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Brain treats rejection like physical pain say scientists

Human brain treats rejection in a similar way to the way it processes pain

The human brain treats rejection in a similar way to the way it process physical pain, new research has suggested.

A scientific study conducted by the University of Michigan Medical School has shown that the brain uses a similar reaction to ease the pain of social rejection as it does to deal with pain caused by physical injury.

A team led by Dr David T. Hsu also found that people who showed high levels of resilience on a personality test also had higher levels of natural painkiller activation.

When the body experiences physical pain, the brain releases chemical opioids into the empty space between neurons, which “dampens” pain signals.

The team asked 18 adults to look at photos and fictitious personal profiles of hundreds of other adults. Each selected some who they might be most interested in romantically, as they would do on a typical online dating website.

Afterwards, when the participants were lying in a PET scanner, they were informed that the individuals they found attractive and interesting were not interested in them.

Researchers monitored the mu-opioid receptor system in the brain, which the team have been examining for the last decade in response to physical pain.

The brain scans of participants who were experiencing this form of social rejection showed highly active opioid systems, meaning the brain was releasing its natural painkiller.

Before beginning the study, researchers told participants that the “dating” profiles were not real, and neither was the “rejection.” However, the simulated social rejection was enough to cause both an emotional and opioid response.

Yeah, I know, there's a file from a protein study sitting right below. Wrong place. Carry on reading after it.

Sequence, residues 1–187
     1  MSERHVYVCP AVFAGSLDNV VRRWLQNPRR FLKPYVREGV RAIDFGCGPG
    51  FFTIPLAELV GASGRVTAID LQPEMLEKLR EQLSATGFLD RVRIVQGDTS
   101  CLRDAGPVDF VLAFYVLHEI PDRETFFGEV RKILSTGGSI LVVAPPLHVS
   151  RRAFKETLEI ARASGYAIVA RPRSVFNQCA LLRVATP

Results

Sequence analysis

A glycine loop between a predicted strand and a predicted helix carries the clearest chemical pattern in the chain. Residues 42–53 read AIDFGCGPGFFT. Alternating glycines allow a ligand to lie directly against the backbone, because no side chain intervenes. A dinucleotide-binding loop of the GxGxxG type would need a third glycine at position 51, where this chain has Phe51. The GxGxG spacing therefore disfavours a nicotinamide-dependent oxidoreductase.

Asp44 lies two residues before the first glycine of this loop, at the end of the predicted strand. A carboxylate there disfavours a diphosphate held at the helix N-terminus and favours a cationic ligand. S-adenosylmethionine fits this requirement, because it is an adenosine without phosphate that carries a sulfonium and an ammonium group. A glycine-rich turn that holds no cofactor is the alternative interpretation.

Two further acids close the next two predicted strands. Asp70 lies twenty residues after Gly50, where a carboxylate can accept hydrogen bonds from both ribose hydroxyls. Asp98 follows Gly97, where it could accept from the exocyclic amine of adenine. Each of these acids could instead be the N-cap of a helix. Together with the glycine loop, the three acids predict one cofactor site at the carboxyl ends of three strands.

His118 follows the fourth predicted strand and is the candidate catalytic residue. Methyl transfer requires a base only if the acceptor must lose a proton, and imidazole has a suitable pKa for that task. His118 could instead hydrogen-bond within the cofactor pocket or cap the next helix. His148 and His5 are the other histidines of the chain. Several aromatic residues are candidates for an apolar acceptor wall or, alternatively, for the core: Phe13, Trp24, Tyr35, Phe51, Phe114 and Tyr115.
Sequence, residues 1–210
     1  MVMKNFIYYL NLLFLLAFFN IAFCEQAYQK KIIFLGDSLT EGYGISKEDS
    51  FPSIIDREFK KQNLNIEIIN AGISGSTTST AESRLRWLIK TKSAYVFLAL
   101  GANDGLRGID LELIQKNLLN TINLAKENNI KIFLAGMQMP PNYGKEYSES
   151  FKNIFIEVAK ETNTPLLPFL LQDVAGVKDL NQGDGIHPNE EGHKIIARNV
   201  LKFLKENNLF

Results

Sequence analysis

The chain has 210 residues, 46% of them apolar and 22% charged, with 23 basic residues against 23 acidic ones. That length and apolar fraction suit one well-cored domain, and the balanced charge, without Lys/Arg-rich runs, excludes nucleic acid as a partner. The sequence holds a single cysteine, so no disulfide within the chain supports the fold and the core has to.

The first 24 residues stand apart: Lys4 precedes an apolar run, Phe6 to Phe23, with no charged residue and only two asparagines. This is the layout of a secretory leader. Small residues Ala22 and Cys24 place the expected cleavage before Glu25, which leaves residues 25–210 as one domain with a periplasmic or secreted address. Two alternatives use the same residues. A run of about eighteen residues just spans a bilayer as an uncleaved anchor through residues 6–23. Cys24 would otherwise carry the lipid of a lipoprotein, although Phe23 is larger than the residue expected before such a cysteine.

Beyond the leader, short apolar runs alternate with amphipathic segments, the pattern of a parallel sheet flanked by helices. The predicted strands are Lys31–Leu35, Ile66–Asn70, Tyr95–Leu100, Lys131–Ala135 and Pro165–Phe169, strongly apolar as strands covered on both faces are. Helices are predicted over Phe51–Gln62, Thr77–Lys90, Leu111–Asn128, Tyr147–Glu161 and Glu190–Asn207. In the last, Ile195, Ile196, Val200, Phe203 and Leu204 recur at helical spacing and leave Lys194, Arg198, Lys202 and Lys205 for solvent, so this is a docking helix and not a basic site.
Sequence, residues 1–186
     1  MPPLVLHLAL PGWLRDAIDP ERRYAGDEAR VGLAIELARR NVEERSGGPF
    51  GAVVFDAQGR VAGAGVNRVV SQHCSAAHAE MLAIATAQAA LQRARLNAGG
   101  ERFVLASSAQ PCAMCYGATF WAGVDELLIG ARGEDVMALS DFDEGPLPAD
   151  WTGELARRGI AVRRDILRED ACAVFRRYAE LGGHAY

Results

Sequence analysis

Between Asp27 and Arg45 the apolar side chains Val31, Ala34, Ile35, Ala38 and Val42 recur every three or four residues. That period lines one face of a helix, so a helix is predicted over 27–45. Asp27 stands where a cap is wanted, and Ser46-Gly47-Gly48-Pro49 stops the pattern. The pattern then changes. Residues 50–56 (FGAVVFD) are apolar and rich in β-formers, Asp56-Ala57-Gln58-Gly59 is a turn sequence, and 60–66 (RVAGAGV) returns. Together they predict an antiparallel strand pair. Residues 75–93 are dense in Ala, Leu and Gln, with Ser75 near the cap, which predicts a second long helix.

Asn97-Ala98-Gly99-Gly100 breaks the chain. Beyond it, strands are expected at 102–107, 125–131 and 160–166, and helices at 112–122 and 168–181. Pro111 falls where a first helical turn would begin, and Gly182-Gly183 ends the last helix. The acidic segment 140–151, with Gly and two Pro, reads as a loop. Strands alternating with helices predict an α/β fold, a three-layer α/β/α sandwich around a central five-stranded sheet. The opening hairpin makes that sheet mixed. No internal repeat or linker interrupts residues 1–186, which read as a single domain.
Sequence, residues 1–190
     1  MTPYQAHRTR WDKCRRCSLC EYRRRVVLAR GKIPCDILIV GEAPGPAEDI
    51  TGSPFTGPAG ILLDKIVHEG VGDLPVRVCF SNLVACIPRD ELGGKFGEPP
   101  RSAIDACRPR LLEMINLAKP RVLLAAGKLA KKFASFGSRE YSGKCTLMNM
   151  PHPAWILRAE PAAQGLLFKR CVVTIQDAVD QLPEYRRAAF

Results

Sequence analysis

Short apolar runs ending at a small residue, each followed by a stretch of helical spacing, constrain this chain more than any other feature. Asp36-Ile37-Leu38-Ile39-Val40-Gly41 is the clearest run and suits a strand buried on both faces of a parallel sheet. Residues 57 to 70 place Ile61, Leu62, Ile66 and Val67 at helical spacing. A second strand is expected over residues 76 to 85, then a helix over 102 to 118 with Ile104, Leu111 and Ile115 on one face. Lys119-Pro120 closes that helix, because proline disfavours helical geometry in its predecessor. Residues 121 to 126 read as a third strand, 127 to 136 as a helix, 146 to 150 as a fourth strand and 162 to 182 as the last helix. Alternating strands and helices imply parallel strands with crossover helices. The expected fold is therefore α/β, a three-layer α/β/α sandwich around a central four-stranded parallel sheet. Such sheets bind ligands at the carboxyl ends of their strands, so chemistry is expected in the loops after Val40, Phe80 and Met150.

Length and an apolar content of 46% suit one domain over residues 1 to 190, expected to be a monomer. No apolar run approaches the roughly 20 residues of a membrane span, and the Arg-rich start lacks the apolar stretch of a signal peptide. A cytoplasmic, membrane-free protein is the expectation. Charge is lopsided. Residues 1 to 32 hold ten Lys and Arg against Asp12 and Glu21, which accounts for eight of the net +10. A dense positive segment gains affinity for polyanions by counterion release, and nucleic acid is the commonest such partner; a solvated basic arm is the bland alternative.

“This is the first study to peer into the human brain to show that the opioid system is activated during social rejection,” Dr Hsu said.

“This suggests that opioid release in this structure during social rejection may be protective or adaptive.

“In general, opioids have been known to be released during social distress and isolation in animals, but where this occurs in the human brain has not been shown until now.”

Dr Hsu noted that the underlying personality of the participants appeared to play a role in how active their opioid system response was.

“Individuals who scored high for the resiliency trait on a personality questionnaire tended to be capable of more opioid release during social rejection, especially in the amygdala,” he said.

“This suggests that opioid release in this structure during social rejection may be protective or adaptive."

He added: “It is possible that those with depression or social anxiety are less capable of releasing opioids during times of social distress, and therefore do not recover as quickly or fully from a negative social experience."

The team concluded that the brain pathways activated by physical and social pain are similar. Studying this response, and the variation between people, could aid understanding of depression and anxiety.

 New opioids could therefore potentially be developed as effective treatments for depression and anxiety.